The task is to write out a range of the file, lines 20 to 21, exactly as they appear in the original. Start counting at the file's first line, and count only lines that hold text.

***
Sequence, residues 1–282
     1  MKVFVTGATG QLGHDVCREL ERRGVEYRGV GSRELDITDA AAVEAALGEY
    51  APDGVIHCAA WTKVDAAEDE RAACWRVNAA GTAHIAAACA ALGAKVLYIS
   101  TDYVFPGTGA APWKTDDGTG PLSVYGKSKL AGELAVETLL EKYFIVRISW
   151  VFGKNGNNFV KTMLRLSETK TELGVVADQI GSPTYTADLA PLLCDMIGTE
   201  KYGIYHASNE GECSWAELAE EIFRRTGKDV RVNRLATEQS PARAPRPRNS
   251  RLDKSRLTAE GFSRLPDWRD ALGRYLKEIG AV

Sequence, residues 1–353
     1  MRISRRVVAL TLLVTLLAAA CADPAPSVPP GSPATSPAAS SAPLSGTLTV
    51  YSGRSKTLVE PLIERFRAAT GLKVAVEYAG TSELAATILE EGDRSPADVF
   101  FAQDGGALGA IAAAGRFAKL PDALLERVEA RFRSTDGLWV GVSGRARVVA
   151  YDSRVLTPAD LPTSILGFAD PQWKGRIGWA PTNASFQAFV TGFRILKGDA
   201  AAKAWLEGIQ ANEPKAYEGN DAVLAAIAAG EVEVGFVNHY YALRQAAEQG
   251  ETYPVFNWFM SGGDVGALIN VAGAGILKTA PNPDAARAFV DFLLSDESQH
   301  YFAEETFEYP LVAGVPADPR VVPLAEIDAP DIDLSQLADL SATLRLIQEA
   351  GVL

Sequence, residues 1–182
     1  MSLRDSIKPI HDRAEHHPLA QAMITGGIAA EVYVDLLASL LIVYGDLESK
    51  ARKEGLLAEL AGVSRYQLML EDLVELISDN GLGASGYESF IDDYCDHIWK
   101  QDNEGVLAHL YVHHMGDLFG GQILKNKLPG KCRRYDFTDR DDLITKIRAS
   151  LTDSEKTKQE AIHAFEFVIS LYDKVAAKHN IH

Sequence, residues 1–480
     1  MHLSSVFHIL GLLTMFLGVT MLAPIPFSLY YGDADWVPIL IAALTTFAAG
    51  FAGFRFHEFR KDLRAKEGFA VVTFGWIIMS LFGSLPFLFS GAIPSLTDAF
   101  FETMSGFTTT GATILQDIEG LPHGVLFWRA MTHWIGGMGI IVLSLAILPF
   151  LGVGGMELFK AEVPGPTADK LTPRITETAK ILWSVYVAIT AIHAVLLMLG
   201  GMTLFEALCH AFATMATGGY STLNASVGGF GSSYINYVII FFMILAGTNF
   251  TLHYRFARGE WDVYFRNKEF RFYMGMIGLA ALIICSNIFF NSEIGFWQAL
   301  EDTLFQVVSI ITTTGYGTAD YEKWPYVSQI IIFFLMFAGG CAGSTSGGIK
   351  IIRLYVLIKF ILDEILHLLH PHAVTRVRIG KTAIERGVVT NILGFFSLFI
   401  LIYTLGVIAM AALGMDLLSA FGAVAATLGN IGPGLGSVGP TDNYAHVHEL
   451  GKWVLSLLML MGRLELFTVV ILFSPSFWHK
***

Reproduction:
   101  QDNEGVLAHL YVHHMGDLFG GQILKNKLPG KCRRYDFTDR DDLITKIRAS
   151  LTDSEKTKQE AIHAFEFVIS LYDKVAAKHN IH